Food price: US and worldwide

In 2007, we predicted the linear trend in the difference between core CPI and the price index of food. Is it correct?

In June 2009, we revisited our early prediction of the linear trend in the difference between the core CPI and the consumer price index of food. Originally, in 2007, we predicted the evolution of several consumer price indices relative to core CPI in the USA [1]. Therefore, we have now more than 30 months to compare the prediction and actual estimates. The years of 2008 and 2009 were characterized by high volatility in the behaviour of all expenditure subcategories: energy, food, housing, etc. We are going to revise our prediction. In [1] we wrote:

“Figure 7 displays the difference between the core CPI and the index for food for the period after 1960. This curve differs from that in Figure 5. The first large change in the difference occurred in 1973 (not in 1979 as for energy) and lasted only 7 years. Around 1980, the difference started to grow from -7.0 to 13.0 in 1996. Between 1996 and 2003, the difference was effectively constant at the level of ~13.5 units of price index, i.e. a lengthy flat segment was observed. After 2003, the difference has been decreasing at a rate of 1.2 units per year, as Figure 8 demonstrates.

Overall, the difference between the core CPI and the food index was always lower than that between the energy index and the core CPI. The largest difference was only around 14 units. Since 2003, the food price index has been slowly catching up the core CPI. Extrapolating the current linear trend one can estimate the intercept point when the food price index will reach the core CPI. According to Figure 8, this will happen in 2014. Such behaviour differs from that observed for the energy index in terms of timing and amplitude, but the overall behaviour distinguishing periods of linear growth and bifurcation is very similar. Therefore, principal mechanisms behind the evolution of the food price index are similar to those behind the energy index. They are likely not related to the changes in supply pressure induced by good crops and draughts. These mechanisms have to be a part of economic system itself and should be related to relationships between economic agent not to production of goods and services.

Figure 7. The difference between the core CPI and the index for food between 1960 and 2007. There are three periods of linear trend and two turning periods. The most recent period of linear trend started in 2003.

Figure 8. The difference between the core CPI and the food index between 2002 and 2007. The current period of linear trend will be likely finished in 2014. Since 2003, the food price index has been slowly catching up the core CPI. “

In 2008 and 2009, the index of food grew at a higher rate compared to that predicted by the long-term-trend in Figure 8 in the excerpt. Figure 1 displays the difference between the (seasonally adjusted) core CPI and the index for food (beverages not included) we reported in June 2010. We suggested that the remarkable rally in food prices was forced the index for food to grow faster than predicted and the deviation from the trend predicted in 2007 reached ~7 units in 2008. This behaviour was likely related to the outstanding rally in oil price finished in July 2008. Correspondingly, almost all prices were driven up. After July 2008, the same prices have been declining at a higher rate sharing the faith of crude oil price. Accordingly, from January 2009, the index for food started to decline in absolute terms at its returning path to the old trend shown by pink line in Figure 1. The contemporaneous trend, as shown by black line, was far enough from the old one, but the difference was approaching the pink line.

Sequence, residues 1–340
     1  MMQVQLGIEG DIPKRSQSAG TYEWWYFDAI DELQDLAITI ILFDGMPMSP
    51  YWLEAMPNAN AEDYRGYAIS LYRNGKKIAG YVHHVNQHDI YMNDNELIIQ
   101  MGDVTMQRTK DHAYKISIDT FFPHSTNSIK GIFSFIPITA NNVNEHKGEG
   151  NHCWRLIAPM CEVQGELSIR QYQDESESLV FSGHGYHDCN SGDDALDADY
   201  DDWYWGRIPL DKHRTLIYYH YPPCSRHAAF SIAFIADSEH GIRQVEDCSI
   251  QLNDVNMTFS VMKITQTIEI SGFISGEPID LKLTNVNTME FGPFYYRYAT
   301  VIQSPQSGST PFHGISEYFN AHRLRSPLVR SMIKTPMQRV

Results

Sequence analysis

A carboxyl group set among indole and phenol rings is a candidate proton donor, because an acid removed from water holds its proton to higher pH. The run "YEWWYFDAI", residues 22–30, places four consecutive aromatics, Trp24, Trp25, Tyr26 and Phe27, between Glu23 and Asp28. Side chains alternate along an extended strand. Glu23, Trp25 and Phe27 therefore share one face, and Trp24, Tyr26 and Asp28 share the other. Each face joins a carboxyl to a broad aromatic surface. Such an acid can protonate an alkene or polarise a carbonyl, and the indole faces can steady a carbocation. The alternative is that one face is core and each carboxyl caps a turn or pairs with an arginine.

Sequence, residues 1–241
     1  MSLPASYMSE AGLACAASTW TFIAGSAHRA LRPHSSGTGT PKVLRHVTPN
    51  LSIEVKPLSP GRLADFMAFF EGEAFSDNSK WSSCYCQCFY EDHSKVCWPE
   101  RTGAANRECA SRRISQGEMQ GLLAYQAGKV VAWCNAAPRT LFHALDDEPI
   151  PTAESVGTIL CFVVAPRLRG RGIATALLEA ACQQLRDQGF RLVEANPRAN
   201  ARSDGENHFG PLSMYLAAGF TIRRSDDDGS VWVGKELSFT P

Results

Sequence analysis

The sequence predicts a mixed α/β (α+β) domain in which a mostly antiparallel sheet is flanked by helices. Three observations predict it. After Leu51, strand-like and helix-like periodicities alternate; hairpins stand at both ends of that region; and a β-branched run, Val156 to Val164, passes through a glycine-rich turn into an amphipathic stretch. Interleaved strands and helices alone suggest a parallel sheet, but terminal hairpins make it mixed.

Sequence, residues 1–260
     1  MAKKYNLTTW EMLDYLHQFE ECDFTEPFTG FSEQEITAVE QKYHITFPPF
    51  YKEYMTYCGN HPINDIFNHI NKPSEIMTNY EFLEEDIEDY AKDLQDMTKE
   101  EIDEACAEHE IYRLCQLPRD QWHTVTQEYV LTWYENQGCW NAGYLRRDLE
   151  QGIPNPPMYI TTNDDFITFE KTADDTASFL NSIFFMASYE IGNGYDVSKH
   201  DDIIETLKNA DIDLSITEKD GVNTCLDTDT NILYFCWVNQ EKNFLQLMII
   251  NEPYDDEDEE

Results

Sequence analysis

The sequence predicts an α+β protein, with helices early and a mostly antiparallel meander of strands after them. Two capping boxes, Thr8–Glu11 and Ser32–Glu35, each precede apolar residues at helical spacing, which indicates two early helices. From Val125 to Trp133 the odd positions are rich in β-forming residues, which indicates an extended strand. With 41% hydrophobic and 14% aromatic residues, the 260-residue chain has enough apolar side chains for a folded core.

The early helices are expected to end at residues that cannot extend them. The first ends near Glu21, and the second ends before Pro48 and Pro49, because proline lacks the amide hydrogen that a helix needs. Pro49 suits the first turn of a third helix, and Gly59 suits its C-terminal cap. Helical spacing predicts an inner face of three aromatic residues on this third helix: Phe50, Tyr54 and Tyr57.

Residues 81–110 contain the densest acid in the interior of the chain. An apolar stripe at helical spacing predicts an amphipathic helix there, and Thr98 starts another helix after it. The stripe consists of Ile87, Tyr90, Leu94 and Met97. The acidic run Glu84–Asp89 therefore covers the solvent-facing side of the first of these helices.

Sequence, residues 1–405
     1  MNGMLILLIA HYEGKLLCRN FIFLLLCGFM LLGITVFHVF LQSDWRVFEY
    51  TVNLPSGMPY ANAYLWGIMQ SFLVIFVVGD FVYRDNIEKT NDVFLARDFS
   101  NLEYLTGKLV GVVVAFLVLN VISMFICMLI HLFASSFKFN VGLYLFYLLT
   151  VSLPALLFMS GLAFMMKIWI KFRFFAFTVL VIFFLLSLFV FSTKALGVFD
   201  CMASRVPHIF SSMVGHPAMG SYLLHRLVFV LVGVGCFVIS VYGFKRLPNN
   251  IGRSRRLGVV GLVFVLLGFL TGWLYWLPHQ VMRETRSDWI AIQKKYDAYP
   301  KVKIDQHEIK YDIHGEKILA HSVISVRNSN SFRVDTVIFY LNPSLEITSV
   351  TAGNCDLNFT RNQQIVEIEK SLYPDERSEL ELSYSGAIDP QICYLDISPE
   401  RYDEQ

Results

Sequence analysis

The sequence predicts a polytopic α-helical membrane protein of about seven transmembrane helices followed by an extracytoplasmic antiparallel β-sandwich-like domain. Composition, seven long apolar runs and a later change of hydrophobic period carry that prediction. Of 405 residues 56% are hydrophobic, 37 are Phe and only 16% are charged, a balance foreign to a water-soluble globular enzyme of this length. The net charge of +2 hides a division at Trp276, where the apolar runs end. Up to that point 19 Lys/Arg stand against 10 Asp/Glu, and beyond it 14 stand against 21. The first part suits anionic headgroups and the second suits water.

Originally, the predicted difference (pink line) intersected the zero line around 2014. In June 2010, the (black line) trend crossed the zero line in 2010. Among many other conclusions made in June, there was the following one:

• The new trend for the index for food will start emerging somewhere between 2011 and 2014. Since the turn to the new trend, the index for food will start to lose its ground relative to goods and services comprising the core CPI. In other word, food will become cheaper in relative terms."

Figure 2 demonstrates that the difference between the core CPI and the index of food has returned to its current trend, however, at a somewhat lower level. The intercept with the zero line and likely the pivot to the decreasing food price now seems to start in 2012-2013. We will keep reporting on the difference which is crucially important for the population with low income. The UN reports the probability of world-wide food crisis as related to the all-time peak in food price.

Figure 1. Comparison of the trend predicted in 2007 and that in 2009. Current change in the index for food shifts the new trend towards the old one.

Figure 2. Same as in Figure 1 with new data for 2010.

1. Kitov, I., Kitov, O., (2008). Long-Term Linear Trends In Consumer Price Indices, Journal of Applied Economic Sciences, Spiru Haret University, Faculty of Financial Management and Accounting Craiova, vol. 3(2(4)_Summ), pp. 101-112.

No comments:

Post a Comment